The third requirement is in some ways more subjective, and it is the one I want to emphasize here. It is related to that we want to make sure we can provide the students with as good opportunities for learning and writing their theses as possible. Therefore we tend to take in only students who, apart from having all the other qualifications, present a doctoral thesis plan that is not only of high quality but also related to questions we feel qualified enough to supervise. In most cases this means that one of our own teachers needs to be able and willing to become your supervisor. It is sometimes good, but never necessary, if you have other supervisors also elsewhere.
The best way to find out if one of our teachers might be a suitable supervisor is to look at our websites and perhaps Google around. In my case, the parts of this blog where I tell about my research interests should give you an idea of the kinds of areas I feel I might be a suitable supervisor. I also have another site that deals with my research interests at teivo.net and I often use my Twitter microblog for research debates. I do not want to discourage you from contacting us directly, but try to get all the relevant information before you do so.
Unlike some other universities, we want you to present a research plan already when you apply. Feel free to ask us about the relevance of your planned topic, but at the same time remember that we cannot start supervising the preparation of the plan. Also, we cannot fully commit ourselves to the project before you officially present your application. We can perhaps individually indicate to you that your project sounds potentially interesting. This kind of initial expression of interest is something you may want to mention in your application. The final decisions, however, always depend on our collective assessment which we make after we have all the applications.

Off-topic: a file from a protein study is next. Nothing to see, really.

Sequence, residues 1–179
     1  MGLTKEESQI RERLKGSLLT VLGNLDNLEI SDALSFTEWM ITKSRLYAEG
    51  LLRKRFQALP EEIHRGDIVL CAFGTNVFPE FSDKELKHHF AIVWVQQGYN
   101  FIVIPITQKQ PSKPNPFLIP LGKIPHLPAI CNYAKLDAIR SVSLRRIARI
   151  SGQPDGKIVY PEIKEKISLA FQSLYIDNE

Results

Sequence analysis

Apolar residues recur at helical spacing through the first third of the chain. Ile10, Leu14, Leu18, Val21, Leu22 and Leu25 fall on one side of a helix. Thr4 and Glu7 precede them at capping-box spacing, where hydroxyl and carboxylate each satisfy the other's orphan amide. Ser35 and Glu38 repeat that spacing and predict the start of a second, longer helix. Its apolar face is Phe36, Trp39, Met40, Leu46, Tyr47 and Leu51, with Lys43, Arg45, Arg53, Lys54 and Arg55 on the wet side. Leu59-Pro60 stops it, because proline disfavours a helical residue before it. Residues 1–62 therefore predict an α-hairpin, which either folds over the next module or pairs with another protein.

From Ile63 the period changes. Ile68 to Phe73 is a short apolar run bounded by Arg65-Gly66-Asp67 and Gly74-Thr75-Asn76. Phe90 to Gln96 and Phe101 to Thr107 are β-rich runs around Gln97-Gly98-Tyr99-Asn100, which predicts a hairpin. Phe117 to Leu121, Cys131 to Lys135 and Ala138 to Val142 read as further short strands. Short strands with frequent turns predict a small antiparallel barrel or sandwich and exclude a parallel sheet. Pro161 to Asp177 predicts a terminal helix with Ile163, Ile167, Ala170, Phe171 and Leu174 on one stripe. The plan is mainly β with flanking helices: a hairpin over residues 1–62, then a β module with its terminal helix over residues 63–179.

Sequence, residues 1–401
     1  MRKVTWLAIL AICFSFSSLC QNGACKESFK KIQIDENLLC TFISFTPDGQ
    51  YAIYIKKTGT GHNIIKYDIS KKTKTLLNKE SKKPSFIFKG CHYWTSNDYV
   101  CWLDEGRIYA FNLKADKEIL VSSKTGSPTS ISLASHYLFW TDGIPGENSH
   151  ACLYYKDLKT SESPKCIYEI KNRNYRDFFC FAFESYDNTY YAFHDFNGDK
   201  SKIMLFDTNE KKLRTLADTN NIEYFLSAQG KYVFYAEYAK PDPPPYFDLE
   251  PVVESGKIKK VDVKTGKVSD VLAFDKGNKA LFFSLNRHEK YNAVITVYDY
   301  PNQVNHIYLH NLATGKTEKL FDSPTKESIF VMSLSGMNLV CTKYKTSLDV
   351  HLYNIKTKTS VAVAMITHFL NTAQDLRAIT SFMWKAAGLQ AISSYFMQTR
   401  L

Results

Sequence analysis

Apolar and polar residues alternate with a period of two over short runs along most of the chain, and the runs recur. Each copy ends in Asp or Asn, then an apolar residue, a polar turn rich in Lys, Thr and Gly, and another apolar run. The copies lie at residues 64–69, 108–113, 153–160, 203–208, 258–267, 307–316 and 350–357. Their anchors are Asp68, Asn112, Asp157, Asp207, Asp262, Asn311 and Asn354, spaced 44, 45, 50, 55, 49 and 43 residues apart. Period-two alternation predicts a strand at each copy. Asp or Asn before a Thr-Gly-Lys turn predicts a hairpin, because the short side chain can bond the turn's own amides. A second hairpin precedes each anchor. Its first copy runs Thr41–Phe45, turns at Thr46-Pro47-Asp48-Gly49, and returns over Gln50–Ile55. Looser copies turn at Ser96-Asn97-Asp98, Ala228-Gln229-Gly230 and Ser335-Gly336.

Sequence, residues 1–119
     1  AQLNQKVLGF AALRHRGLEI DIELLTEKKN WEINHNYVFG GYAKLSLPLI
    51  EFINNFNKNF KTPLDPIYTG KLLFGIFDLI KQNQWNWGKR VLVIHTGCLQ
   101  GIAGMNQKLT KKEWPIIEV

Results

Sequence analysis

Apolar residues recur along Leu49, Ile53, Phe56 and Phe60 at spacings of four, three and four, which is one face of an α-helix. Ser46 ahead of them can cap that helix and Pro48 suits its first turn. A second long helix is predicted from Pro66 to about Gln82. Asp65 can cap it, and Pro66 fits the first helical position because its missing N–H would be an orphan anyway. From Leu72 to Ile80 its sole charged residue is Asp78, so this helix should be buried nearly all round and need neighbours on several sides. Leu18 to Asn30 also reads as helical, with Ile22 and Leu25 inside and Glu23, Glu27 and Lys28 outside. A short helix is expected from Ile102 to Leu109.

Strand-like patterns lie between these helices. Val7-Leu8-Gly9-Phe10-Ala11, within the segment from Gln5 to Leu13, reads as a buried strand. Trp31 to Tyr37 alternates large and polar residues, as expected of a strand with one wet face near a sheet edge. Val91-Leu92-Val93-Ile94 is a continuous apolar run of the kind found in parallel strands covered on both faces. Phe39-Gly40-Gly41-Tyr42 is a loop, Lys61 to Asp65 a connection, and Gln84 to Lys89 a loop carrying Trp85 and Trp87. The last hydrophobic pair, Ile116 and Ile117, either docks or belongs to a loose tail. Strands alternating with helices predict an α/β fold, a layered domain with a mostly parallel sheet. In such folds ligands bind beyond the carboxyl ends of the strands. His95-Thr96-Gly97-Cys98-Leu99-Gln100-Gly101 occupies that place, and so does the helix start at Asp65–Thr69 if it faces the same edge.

We concentrate our assessment energies for the two moments of the year when you can officially submit your application. These are normally in November and May. Please do not expect us to go through elaborate documentation before that. In other words, in your possible contacts with us before the official application, try to be as concrete (and brief) as possible. If you send a provisional research plan before the official application deadline, please make an abstract of a few lines where you describe it for us who may not have time to read the whole thing very soon. Also, please state also briefly whether you have a master’s degree, in what field and with what qualifications, since we may not have time to find these things out in your attached documents.
Remember that sometimes people (including myself) may be hesitant to open attachments sent by friends they have not yet met. It is therefore great if you could squeeze all the relevant information in a few lines in the main body of your message. In the subject line, you may want to put something like “Helsinki World Politics Doctoral Study Inquiry” so the message will not get so easily lost.
One more thing is that we often get research proposals that can be wonderful and fascinating but really do not have a world political dimension. Even if it should sound obvious, experience tells me it is worth mentioning that the fact that someone does political research on a faraway place does not in itself mean that it is world politics.